Reuters photographer Asmaa Waguih spent time with women fighters at a Kurdistan Workers Party (PKK) military base on Mount Sinjar in northwest Iraq.

kurdish women fighting Isis
A female Kurdistan Workers Party fighter stands guard at a PKK base on Mount Sinjar in northwest Iraq Asmaa Waguih /Reuters

Islamic State (Isis) militants overpowered Kurdish forces in the Sinjar area of Iraq last August and proceeded to purge its Yazidi population – an ancient, predominantly Kurdish people who follow their own religion – killing hundreds and taking thousands captive.

Ever since the Islamic State took over Mount Sinjar and declared its cross-border caliphate last year, many Yazidis have joined forces with PKK fighters and Kurdish peshmerga fighters from Iraq to fight Islamic State and free the rest of Sinjar.

Male and women fighters work together, side by side, though they live separately. Most are aged between 18 and 25. Relationships are forbidden; male and females alike choose to sacrifice their personal lives for the cause they believe in.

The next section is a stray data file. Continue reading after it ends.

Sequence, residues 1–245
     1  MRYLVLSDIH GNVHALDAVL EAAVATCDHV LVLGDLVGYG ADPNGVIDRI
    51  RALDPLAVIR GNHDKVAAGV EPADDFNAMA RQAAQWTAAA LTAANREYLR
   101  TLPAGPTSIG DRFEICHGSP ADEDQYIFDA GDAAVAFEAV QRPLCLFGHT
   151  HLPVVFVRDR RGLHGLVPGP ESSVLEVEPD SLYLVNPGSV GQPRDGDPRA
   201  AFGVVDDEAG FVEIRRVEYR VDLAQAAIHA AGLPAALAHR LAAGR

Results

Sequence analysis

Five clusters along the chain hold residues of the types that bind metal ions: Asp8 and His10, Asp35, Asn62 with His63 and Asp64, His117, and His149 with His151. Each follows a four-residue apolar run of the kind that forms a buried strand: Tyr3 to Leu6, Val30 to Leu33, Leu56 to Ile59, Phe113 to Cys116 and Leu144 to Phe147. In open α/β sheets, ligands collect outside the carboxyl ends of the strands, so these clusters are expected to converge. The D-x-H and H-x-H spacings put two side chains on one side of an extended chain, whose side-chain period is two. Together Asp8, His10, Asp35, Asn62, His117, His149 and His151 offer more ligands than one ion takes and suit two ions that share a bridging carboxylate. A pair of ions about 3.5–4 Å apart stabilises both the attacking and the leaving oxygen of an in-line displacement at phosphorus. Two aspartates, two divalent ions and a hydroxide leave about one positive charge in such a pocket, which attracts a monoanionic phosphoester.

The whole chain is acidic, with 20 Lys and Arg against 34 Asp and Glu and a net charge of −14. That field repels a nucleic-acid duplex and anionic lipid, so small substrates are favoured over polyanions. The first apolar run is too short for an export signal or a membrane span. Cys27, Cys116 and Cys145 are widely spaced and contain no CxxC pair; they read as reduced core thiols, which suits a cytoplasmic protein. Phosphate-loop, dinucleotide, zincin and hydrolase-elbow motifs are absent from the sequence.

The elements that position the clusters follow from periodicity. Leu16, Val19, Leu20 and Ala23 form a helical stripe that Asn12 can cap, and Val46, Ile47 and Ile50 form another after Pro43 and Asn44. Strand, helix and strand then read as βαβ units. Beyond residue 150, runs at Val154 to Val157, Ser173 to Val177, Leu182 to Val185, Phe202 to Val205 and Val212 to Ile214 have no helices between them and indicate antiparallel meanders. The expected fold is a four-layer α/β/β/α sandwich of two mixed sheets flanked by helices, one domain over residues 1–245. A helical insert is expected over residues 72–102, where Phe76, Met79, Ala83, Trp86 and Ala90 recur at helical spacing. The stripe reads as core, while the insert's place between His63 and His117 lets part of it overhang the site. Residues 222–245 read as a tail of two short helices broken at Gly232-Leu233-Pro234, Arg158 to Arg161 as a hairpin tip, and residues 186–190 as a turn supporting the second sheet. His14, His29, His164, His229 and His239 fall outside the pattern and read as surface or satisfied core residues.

Photographer Asmaa Waguih says: "Many women I met were from families who were staunch supporters of the PKK, often with other members joining up. The fighters were willing to give up having a family of their own to defend their land, dying in the process if necessary.

"Some of the women had cut links with home. The fighters came from different parts of Kurdistan but spoke a common dialect of Kurdish so they could understand each other. They addressed each other as "comrade" and it was clear that they supported each other in whatever challenge they faced.

"It makes me feel that being a Kurd is something very unique. You always have another language and country that are part of your identity, while dreaming of a land of your own: an ideal that you'll defend, come what may."

Women fighters are thought to make up around one-third of all Kurdish resistance.

In the political doctrine of the imprisoned leader of the PKK, Abdullah Ocalan, women and men play an equal role in society and no society can be free without the freedom of women.

The female Kurdish fighters are feared by Islamic State militants, who believe that they'll go straight to hell if they are killed by a woman.